America's Most Historic Yacht

Planking continues

Posted By on August 17, 2014

The crew has been making steady progress on the hull planking.

2014-IMG_4917 2014-IMG_4919 2014-IMG_4920 2014-IMG_5203Here’s how things looked in mid June.

Port side

2014-IMG_2436 2014-IMG_2455



The planks are trunnel fastened, with a few bronze hanging spikes to hold everything in place while the trunnels are set.


The butts are all spiked.


So are the hood ends.


In case you’re not familiar with trunnel fastening, it’s a great way to hold planks. The trunnels (aka “tree nails”) are made of locust. They’re often made in a machine that cuts them much like a pencil sharpener cuts a pencil. They’re cut to a set size, and then dried. This shrinks them a tiny bit. When the plank is installed, the carpenters drill holes through the plank and into the frame just a shade smaller (as in a few thousandths) than the trunnel diameter to insure a tight fit. The trunnel has a slot cut into it to accept a thin wedge.


The trunnel is driven into the plank using a large wooden mallet called a beetle.


Once the trunnel is driven into the hole, a wedge is set into the slot to lock the trunnel in place. The wedge widens the top of the trunnel ever so slightly and makes it act like the head of a nail.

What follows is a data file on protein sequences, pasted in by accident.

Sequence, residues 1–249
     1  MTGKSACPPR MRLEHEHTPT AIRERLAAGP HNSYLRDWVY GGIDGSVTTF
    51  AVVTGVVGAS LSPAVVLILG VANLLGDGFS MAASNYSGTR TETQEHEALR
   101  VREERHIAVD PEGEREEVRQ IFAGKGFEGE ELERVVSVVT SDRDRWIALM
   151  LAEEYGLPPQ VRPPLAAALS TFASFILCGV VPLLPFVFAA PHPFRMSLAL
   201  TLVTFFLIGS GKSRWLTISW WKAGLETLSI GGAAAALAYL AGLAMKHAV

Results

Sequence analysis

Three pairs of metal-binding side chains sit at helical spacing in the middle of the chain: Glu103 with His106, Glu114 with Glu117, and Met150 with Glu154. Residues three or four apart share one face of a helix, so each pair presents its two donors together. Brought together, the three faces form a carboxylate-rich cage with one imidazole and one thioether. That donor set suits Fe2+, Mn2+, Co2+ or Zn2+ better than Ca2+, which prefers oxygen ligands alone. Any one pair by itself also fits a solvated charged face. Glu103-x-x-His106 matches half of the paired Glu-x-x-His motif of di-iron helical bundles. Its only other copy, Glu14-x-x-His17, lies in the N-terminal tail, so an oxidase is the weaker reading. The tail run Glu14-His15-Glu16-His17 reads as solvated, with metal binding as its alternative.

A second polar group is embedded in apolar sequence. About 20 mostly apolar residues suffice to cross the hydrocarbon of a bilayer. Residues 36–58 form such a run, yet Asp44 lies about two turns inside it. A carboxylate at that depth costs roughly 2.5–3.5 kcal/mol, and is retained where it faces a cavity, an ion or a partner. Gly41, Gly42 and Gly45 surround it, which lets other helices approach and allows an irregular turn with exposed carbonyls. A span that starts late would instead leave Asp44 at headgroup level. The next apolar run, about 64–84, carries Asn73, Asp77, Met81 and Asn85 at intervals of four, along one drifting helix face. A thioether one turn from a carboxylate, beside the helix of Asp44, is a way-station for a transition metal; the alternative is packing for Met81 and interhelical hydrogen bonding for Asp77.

As the trunnel gets wet, it expands and further locks into place. Even though the end grain of the trunnel is exposed to the water, the wood is so rot-resistant and compressed, you rarely see them rotting out.

One advantage of fastening with trunnels is that you don’t have to worry about hitting metal fasteners as you fair the hull. They don’t require bungs either, so they speed up the process of planking.

By mid-June, part of the lead ballast keel had been through bolted onto the keel.


The stairway leading down from the deck into the main salon has been set into place to show its location.


The deck beams are installed, and lodging knees are going in to brace everything.


That’s it for now!


2 Responses to “Planking continues”

  1. Tim Murray says:

    Thanks again, Tom. Excellent photos– I love the curves of that hull, and the planks follow it like a charm, despite their being massive. Seeing that staircase in place was a real thrill too. Appreciate your service to those who can’t get there. One point: it might be helpful to explain the difference between “blind trunnels” and “through trunnels.” She was originally fastened with both, I suspect, though I do recall seeing (and driving a few) through trunnels in later years. Some very early examples of trunnels found in her planking were actually hand-carved apparently with a spoke-shave or some such tool. Must have been slow work!

    Tim Murray

  2. James Sutherland says:

    Square t runnels were driving threw a metal die to make em round and true. Then kerfed against the grain for blind or threw.

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